Sabrina Rocco ’19 knew she would serve her country one day. During her summer internship with the Judge Advocate General’s (JAG) Corps, she got her chance. This is her story.
“I have always had a desire to serve my country in some capacity,” says Sabrina Rocco, a 3L student at New England Law | Boston.
With an uncle who served as an Army Officer in the 82nd Airborne Division during Operation Desert Storm and a grandfather who spent twenty-eight years in the service before retiring as Chief Warrant Officer in the Army, she was exposed to the idea of joining the military early on.
After earning an Associate of Arts degree from St. Petersburg College, Rocco went on to attend the University of South Florida St. Petersburg. She graduated with a Bachelor of Arts in Mass Communications in 2013 and actually spent the following two years in Florida as a newspaper reporter. But her interest in law propelled her northeast, where she took a job as a legal assistant at the Boston law firm of Prince Lobel.
“I always had the idea of making a career switch and going to law school, but I wanted to get some experience in the legal field to make sure I liked it before committing,” Rocco says. “I totally fell in love with the legal world. I love to write, research, and problem-solve, and a lawyer does all of that on a daily basis.”
Rocco ultimately chose New England Law because of its small, close-knit community and proximity to the many legal opportunities in Boston. She took advantage of those opportunities in law school, pursuing several hands-on learning experiences that exposed her to the intricacies of the profession—and what her life might be like as a JAG lawyer for the U.S. military.
Hands-on experience in law school
One of her summer internships unfolded at the United States Attorney’s Office for the District of Rhode Island, a small office where she could work in both the civil and criminal divisions, she says. “Most significantly, I conducted legal research for attorneys, drafted deposition questions in a civil fraud case, wrote a motion to continue sentencing in a criminal case, and observed proceedings daily in court.” Rocco also had a prestigious judicial internship with Hon. Donald L. Cabell of the U.S. District Court for the District of Massachusetts. And she serves as president of the school’s Public Interest Law Association and vice president of the Women’s Law Caucus.
But the role that truly solidified her interest in military law was a coveted summer internship with the United States Army JAG Corps, 82nd Airborne Division—the very same division her uncle served in during the Gulf War.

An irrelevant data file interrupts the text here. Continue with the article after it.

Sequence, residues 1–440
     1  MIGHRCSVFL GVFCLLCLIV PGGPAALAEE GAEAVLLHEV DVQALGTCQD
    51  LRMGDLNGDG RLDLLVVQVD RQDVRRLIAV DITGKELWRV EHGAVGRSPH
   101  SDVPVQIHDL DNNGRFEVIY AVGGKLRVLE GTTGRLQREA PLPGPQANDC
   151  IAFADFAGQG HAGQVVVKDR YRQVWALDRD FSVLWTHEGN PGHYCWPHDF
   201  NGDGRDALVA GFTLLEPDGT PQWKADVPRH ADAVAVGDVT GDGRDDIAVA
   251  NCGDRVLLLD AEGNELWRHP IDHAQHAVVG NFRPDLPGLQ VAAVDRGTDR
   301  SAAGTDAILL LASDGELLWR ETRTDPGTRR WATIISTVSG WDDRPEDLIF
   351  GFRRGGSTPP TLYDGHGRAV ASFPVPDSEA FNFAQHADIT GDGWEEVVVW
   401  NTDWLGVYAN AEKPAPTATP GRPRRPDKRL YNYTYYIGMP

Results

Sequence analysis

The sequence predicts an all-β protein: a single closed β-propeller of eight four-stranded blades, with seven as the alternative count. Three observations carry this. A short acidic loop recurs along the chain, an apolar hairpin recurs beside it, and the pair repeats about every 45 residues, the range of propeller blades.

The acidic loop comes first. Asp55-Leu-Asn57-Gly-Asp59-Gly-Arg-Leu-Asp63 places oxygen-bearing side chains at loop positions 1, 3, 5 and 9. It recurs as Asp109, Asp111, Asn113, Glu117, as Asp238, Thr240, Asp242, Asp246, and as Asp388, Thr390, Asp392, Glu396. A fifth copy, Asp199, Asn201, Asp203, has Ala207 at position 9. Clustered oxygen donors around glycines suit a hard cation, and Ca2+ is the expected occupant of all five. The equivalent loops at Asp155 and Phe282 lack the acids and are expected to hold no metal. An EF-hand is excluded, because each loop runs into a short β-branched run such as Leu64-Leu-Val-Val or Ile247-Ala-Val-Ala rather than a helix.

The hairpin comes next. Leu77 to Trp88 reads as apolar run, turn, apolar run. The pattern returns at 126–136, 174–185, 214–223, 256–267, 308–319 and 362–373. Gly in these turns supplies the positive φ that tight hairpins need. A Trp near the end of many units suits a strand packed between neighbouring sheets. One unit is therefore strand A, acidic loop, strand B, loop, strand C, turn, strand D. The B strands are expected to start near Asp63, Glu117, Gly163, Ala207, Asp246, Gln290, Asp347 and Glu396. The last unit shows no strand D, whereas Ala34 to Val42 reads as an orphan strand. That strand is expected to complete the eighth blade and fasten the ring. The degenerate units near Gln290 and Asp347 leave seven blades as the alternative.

A day in the life of a JAG Corps intern
Even as an intern with the JAG Corps, she was expected to meet military health and fitness standards. Her typical day started at 6:30 a.m. with formation and physical training. This might include a four-mile run, a CrossFit-style workout, or a “ruck march” (a fast-paced march conducted while carrying a weighted pack). Then her work day would really begin.
After her morning physical training, Rocco would get ready for her JAG internship, which began at 9:00 a.m. She rotated between three different offices: Legal Assistance, Military Justice, and the 2nd Brigade Combat Team’s legal office. Between the three offices, she completed various legal tasks, such as drafting prosecution memoranda for attorneys, drafting memoranda for soldiers in the midst of legal proceedings, and conducting numerous research projects. Throughout the summer she also had the opportunity to observe courts-martial, Article 15 hearings (for non-judicial punishments), and polygraph interviews.
“This was the most exciting, rewarding summer of my life,” Rocco says. “I was challenged mentally and physically every single day. I experienced the type of camaraderie that I find to be unparalleled in any other professional setting. Best of all, I was able to work on behalf of the best clients in the world: the United States Army, its fine soldiers, and our country.”
Tips for future JAG interns
Her advice for other law students interested in a military law or JAG internship? Get involved, become well-rounded—and look for leadership opportunities while you’re at it. “Yes, having good grades is important. But it’s also attractive when a candidate participates in extracurriculars such as sports, nonprofit groups in the community, and holds executive board positions on school organizations,” she says. “The military looks for strong leadership skills, so being able to speak to that in an interview is key in getting a military internship.”
As for the future, Rocco is taking the next step in her military law career: she was accepted into the Army JAG Corps in January of 2019 (several months ahead of graduating from law school in May).
“This is my dream job,” she says. “I am so honored to have this opportunity to serve my country as an Army Officer and JAG attorney.”
Learn more about hands-on learning experiences in law school.